Now that we're familiar with the concept of Test Driven Development, in order to execute it properly we need to learn its key methodology: "Red, Green, Refactor."
Introducing the method
This method consists of 3 phases that are repeated continuously: Red, Green, and Refactor:
Let’s look at them more closely:
The first phase is writing a test. Since at the moment of writing, the corresponding code that supports the tested functionality does not exist, the test is destined to fail. 💔 Hence, it gets marked RED.
The second phase is writing the production code - the intended functionality that will correspond to the test. Here, less attention is paid to the elegance of the solution. The primary focus at this moment is to pass the test and turn it GREEN! 💚
The next phase is to refactor both the code and the tests. The goal here is to pay attention to the contents and find ways to make improvements.
Some questions to ask:
Is the code following a proper style?
Are there repetitions?
Does class have a single responsibility?
Does the method name reflect its purpose?
This phase is an opportunity to improve the quality of your code! 💪
Small improvements make a big difference
Following this method, you'll go through a cycle. As soon as you reach the last phase, you return to the first one. The cycle must be very short - about 5 minutes!
How can we code anything useful in 5 minutes? 😒
It may be hard to believe at first, but you can code very small sets of instructions in this amount of time to get started, and then improve and expand during the next iterations. For example, in the beginning, there could be a cycle that implements a test to verify that a class simply exists.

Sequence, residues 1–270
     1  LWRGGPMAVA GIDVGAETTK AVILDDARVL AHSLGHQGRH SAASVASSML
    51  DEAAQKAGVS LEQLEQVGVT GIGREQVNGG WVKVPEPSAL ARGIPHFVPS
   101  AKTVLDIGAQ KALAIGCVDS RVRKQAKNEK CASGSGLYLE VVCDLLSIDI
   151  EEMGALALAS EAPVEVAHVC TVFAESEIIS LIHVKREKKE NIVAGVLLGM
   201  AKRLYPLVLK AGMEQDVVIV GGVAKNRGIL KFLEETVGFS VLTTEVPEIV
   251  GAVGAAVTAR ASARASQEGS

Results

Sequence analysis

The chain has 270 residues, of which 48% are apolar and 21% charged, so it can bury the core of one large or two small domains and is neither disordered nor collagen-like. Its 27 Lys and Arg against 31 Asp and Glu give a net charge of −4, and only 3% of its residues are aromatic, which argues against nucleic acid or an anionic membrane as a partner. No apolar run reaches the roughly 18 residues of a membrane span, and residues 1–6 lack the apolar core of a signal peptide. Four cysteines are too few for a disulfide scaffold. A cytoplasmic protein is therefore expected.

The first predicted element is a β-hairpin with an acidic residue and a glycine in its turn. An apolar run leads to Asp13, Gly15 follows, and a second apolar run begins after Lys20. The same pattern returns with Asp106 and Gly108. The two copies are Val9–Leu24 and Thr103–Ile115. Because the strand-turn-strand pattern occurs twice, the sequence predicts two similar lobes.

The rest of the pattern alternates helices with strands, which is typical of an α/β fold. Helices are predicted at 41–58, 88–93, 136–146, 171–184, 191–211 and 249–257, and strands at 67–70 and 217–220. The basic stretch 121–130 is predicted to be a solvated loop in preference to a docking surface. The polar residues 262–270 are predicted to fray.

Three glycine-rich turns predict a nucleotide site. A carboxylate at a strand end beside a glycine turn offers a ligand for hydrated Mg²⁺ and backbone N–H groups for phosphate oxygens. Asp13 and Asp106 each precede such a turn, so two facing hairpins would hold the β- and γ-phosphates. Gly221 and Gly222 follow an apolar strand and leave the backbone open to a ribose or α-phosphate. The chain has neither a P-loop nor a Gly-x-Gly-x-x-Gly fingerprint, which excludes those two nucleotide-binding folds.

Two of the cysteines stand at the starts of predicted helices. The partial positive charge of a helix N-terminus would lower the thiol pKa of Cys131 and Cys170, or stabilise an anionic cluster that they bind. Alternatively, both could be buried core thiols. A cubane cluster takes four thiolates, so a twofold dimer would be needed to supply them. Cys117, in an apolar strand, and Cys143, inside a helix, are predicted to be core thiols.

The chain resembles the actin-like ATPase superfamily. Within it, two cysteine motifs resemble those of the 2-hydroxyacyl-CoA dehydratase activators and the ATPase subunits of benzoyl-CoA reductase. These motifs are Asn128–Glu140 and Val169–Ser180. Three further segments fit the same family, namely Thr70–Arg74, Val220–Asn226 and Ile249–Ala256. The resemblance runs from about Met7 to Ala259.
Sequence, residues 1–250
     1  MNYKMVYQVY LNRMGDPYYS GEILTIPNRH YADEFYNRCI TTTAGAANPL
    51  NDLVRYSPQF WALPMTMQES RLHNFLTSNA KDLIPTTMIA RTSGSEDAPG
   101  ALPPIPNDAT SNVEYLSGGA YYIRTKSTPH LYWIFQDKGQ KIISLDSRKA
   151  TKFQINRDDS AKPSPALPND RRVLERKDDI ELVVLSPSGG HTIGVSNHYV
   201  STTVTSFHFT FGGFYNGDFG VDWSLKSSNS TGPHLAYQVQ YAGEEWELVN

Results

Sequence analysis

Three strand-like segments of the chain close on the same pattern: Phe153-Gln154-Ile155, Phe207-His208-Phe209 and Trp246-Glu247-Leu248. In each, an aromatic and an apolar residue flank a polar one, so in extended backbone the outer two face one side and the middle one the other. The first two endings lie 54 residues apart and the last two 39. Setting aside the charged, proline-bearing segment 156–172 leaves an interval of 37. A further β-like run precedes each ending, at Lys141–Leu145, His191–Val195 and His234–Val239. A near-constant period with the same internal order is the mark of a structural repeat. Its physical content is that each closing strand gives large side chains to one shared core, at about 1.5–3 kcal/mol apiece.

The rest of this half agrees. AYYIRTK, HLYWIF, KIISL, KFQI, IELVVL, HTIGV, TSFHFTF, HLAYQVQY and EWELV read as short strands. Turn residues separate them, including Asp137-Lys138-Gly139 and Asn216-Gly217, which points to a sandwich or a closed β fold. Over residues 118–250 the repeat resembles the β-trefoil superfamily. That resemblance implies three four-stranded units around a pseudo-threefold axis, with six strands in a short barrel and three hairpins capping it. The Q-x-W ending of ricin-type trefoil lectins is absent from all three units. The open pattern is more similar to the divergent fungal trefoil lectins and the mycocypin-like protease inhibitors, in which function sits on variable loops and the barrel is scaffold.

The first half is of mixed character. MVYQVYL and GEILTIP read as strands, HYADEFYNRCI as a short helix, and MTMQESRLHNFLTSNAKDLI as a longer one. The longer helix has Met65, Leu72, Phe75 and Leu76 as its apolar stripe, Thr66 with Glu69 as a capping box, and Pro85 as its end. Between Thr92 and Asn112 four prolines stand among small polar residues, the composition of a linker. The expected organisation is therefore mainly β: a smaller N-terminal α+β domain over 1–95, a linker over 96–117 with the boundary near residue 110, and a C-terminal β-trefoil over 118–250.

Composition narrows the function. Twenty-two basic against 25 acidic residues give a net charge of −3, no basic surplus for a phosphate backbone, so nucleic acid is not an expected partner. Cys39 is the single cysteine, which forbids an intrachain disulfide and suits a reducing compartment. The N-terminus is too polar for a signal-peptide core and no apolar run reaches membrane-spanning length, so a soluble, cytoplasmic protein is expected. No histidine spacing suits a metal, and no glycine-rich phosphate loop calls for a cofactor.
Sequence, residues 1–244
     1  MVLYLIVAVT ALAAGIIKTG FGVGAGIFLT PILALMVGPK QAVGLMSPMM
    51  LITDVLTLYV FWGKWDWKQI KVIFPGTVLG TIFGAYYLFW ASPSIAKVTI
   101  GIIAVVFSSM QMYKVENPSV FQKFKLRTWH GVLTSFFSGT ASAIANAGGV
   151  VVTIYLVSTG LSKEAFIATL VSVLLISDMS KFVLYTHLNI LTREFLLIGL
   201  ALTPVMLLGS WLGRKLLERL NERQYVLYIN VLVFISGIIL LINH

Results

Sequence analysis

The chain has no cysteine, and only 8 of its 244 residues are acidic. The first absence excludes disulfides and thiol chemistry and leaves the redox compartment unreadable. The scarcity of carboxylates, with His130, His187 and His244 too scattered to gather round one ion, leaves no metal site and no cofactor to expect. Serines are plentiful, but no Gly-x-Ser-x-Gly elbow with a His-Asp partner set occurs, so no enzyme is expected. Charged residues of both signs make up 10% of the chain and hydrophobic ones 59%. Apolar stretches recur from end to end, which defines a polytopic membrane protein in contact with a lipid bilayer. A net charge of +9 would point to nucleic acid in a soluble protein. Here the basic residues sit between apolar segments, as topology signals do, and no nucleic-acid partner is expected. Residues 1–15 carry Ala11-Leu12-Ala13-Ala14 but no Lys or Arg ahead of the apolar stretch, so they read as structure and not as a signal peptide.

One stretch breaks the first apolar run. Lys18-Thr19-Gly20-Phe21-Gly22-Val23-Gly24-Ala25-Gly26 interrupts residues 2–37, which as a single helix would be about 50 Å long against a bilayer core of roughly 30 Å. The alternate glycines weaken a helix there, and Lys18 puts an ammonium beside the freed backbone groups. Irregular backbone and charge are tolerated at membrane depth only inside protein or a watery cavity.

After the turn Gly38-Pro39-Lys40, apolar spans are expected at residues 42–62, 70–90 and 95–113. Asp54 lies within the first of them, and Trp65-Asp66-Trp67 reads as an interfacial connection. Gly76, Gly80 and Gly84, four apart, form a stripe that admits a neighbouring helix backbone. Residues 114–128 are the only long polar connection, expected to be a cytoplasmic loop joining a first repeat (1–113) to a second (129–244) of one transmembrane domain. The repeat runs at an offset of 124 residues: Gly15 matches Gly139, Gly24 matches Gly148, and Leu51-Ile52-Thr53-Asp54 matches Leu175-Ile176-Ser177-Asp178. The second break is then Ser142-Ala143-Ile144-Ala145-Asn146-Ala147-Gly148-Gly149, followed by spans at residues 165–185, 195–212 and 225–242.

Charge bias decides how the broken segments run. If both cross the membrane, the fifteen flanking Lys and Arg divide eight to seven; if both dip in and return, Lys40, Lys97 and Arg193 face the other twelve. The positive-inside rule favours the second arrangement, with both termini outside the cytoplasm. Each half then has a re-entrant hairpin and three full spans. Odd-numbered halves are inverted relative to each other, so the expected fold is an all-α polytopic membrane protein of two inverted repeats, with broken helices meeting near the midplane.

The idea is to write a test that requires as little supporting code as possible!
Isn't it overkill to write a test just to verify a class declaration? 😶
Sure, it sounds a little weird at first but soon proves beneficial. The advantage of advancing in small increments is that the risk of error is almost non-existent and you are always covered.
It's like climbing a mountain and every 5 minutes you put a new safely net beneath you. You don't risk falling far! It's much better than moving the net every 2 hours!
Do 5 minute tests result in too many of them? 😳
Not exactly - because of the last phase: refactor. This phase is also meant to refactor tests; those that become obsolete can be altered or removed.
As you keep cycling through this process, your test suite is always live - it evolves continuously with the project and reflects exactly what the production code is about at every single moment!
I’d like to highlight two major advantages this method presents:
1. You are not perfect!
The first one enables you to gradually perfect your work in small increments.
Let's face it, in most cases, the fist time we write a piece of code, it won't be perfect! Even professional musicians never play a new piece perfectly for the first time. 🎶 Writing code is the same!
Instead of writing a big chunk of code with a promise to improve it later, you are constantly presented with numerous opportunities to improve! This dramatically increases your chances of producing code of outstanding quality!
2. Refactor in the green
And the second HUGE advantage is that you only refactor in the GREEN - after the test has passed and the function is working! Any possibility of breaking functionality while implementing "clever" solutions will impact the test result - it will turn red, which will keep you alert at all times and force you to make sure all improvements are still valid!
This method encourages you to refactor only from green to green!
The Red, Green, Refactor method consists of three phases:
Red - write a test that fails.
Green - implement the test-supporting functionality to pass the test.
Refactor - improve the production code AND the tests to absolute perfection.
The Red, Green, Refactor cycle should be as short as possible.
The main objective of this method is to advance in small increments.